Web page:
Late in 2007 the venerable speaker manufacturer Klipsch entered the high-performance earbud fray, introducing three Custom-series in-ear headphones (the -1, -2, and -3, in ascending order of performance and price), plus the distinctive, top-of-the line Image earbuds (also reviewed in this survey). The Custom-3 is a two-way design featuring separate miniature woofers and tweeters, and it is targeted, Klipsch says, toward “critical listeners” and designed to provide “studio reference acoustic experiences.” Marketing hype? Not in this case: The Custom-3s are everything Klipsch says that they are.
Let me cut right to the chase; Klipsch’s Custom-3 is one of the most pure, transparent, open-voiced in-ear headphones I’ve ever heard. While the Custom-3 is not cheap, I can honestly say I’ve never heard anything cheaper that can equal it—or that even comes close. Tonal balance is nearly neutral, and the Custom-3 reproduces everything from the top to the bottom of the audio spectrum with vibrant tonal colors (though some might wish for just a bit more bass). This earbud’s best quality, though, is its uncanny clarity; whether listening to human or instrumental voices, the fundamentals and overtones of notes always seem to hang together with perfect coherency. Delicious.
To see what the Custom-3s could really do, I put on a challenging orchestral piece; namely, the Reiner/Chicago performance of Bartok’s Music for Strings, Percussion, and Celeste [RCA/Living Stereo], which blends a veritable cornucopia of high and low-pitched percussion along with piano and a full complement of string instruments, creating a haunting, mysterious, angular composition. Frankly, most earbuds don’t have the chops to do this recording justice, but the Custom-3s waded right in and made the Bartok piece their own. They nailed everything from the lowest drumbeats on through to the at times fierce attack of the string section on up to the eerie and evocative shimmer of the celesta. The effect was not unlike being plugged directly into the mixing console—an experience only a handful of top-tier earbuds are capable of delivering.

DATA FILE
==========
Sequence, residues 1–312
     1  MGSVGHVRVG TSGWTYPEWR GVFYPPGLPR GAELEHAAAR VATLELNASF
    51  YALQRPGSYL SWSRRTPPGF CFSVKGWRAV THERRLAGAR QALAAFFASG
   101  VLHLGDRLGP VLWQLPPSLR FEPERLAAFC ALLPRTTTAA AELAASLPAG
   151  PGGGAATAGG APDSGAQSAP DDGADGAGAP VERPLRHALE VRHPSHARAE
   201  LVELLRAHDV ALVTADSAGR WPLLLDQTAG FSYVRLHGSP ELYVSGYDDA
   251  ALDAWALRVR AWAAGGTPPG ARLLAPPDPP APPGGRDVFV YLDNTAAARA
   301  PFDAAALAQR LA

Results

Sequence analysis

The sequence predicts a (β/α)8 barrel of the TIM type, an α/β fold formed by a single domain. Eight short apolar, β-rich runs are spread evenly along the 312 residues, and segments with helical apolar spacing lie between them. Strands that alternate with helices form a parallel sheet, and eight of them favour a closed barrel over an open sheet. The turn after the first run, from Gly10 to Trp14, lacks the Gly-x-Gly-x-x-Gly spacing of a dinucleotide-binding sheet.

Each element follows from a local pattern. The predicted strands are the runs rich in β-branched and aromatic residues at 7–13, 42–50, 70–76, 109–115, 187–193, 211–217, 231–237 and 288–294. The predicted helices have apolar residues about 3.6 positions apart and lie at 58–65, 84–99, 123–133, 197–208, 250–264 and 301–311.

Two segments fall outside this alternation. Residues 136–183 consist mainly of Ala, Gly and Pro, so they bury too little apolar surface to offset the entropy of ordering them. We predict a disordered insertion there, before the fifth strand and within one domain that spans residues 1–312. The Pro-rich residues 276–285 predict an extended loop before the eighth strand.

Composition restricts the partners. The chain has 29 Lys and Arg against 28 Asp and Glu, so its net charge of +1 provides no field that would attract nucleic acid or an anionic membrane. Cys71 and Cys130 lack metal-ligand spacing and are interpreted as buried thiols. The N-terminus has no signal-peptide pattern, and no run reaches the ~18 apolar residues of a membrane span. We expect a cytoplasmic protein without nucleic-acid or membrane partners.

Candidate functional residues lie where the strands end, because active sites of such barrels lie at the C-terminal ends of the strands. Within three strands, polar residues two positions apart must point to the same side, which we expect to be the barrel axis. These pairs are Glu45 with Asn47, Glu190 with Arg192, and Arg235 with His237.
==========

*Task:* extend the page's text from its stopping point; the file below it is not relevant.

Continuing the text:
The Custom-3 are quite light, but there earpiece design requires that you route earpiece cables up and over your ears to the rear, with cables running through a moldable “Flex Wire” tube that doubles as an customfit ear clip. Klipsch, to its credit, has figured out that our ear canals are not circular but rather oblong in crosssection, and accordingly the Custom-3s come with patented, soft-rubber eartips that are oval-shaped—not round. They feel great and generally seal very well. Even so, I have two minor quibbles about comfort and fit. First, it’s not always easy to shape the Custom-3 ear clip so that the eartips maintain a good seal; you’ll need to experiment to find a “just right” fit that works. Second, the textured fabric sheathes of the Custom-3 earbud cables can scrape on your skin, creating sandpaper- like noises.
The Custom-3s are wonderful, well-balanced earbuds that deliver serious high-end performance in every sense of that term. If $299 seems like crazy money to spend on in-ear headphones, consider this: you’d have to spend ten times that much (or maybe more) to find full-size speakers that sound this good.